Why is the head of the Second Amendment Caucus opposing a bill the NRA supports?

Thomas Massie Photo: RepThomasMassie YouTube/Screenshot

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Rep. Thomas Massie (R-Ky.) announced Wednesday his opposition to a merge of Rep. Richard Hudson’s (R-NC) national reciprocity legislation, H.R. 38, and H.R. 4477, a “Fix-NICS” bill.

Massie says House leadership plans to merge gun control with national reciprocity for concealed carry.

In a Facebook post, Massie says the “Fix-NICS” bill would allow “agencies, not just courts, to adjudicate your second amendment rights.”

Massie, the Chairman of the Second Amendment Caucus, says the bill will advance former President Obama’s gun control agenda, adding that the Senate’s bill will send $625 million over five years to states to expand the national background check database. Massie says the House bill will also commission a study on bump stocks.

“[“Fix-NICS”] encourages administrative agencies, not the courts, to submit more names to a national database that will determine whether you can or can’t obtain a firearm,” Massie wrote. “When President Obama couldn’t get Congress to pass gun control, he implemented a strategy of compelling, through administrative rules, the Veterans Administration and the Social Security Administration to submit lists of veterans and seniors, many of whom never had a day in court, to be included in the NICS database of people prohibited from owning a firearm.”

Massie continued, “Only a state court, a federal (article III) court, or a military court, should ever be able to suspend your rights for any significant period of time.”

Democratic Senator Dianne Feinstein and Senate Minority Leader Chuck Schumer are cosponsors of the Senate bill.

Massie says the bills should be voted on separately if the House does not change the flawed Fix-NICS bill.

“If our House leadership insists on bringing the flawed Fix-NICS bill to the floor, they shouldn’t play games,” he said. “We should vote separately on HR 38, the Concealed Carry Reciprocity Bill, and HR 4477, the Fix-NICS bill. And we should be given enough time to amend the Fix-NICS bill, because it needs to be fixed, if not axed.”

The National Rifle Association (NRA), who has endorsed both bills, has criticized Massie for “spreading misinformation” and called his claims “incorrect.” The NRA insists the H.R. 4477 has been through a “very thorough and public markup session of its own” and argues that each bill has enough votes to pass on its own.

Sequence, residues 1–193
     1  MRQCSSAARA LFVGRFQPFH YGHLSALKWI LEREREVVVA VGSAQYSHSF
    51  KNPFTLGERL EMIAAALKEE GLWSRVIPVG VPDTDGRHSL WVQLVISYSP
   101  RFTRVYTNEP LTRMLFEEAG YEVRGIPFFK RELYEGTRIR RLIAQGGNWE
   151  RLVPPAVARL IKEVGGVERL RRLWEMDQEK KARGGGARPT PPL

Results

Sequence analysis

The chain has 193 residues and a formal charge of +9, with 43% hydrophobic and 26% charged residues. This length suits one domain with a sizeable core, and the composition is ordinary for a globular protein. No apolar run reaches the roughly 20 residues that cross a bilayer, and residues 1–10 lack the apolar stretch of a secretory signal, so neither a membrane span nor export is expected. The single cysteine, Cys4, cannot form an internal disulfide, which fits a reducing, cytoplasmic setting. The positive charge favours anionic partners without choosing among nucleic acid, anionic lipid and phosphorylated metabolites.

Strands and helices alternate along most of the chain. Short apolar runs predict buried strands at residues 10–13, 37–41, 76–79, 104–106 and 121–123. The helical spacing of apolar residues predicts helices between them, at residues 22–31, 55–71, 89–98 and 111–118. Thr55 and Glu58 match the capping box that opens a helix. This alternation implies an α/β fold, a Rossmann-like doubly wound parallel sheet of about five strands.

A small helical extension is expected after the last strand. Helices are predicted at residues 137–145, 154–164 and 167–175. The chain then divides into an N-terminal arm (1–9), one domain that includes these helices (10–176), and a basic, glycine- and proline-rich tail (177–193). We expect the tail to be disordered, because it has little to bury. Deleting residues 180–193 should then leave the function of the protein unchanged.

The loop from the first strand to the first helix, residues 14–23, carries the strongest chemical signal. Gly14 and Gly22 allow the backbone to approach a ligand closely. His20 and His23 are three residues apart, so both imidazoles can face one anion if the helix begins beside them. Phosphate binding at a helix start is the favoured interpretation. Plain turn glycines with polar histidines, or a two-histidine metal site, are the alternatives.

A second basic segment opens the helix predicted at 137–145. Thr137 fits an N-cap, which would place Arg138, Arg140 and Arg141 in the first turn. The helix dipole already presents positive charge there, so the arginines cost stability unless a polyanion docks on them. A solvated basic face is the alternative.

But other gun rights groups disagree.

Erich Pratt, Executive Director of Gun Owners of America (GOA), applauded Rep. Massie for standing up to House Leadership. “Gun Owners of America agrees with Rep. Thomas Massie’s assessment of the problems of ‘Fix NICS,’” Pratt told Rare.

National Association for Gun Rights President Dudley Brown has described Fix-NICS as legislation that would establish “a gun control super-database.”

But Massie’s criticism of current plans to merge “Fix NICS” with national reciprocity aside, the latter contains some constitutional questions of its own.

The NRA previously criticized Rep. Justin Amash (R-Mich.) in 2011 for his opposition to a virtually identical national reciprocity bill. Amash has consistently opposed House Leadership’s efforts to give the federal government more power over Second Amendment rights as well. And he opposes the current merge of legislation too, retweeting Massie’s Wednesday tweet slamming the bill.

Amash opposed the 2011 bill on constitutional grounds. He argued the bill improperly used the Constitution’s Commerce Clause to grant the federal government more power to regulate interstate commerce while subverting states’ authority over the concealed carry permits.

Amash said that the bill would “hurt gun rights by conceding broad new authority to the federal government to override state sovereignty.”

Rep. Amash showed his support for Massie’s position on social media on Saturday:

And in another tweet Wednesday:

The current piece of legislation, which merges the two bills as Massie urged against, is scheduled for a vote in the House on Wednesday afternoon.

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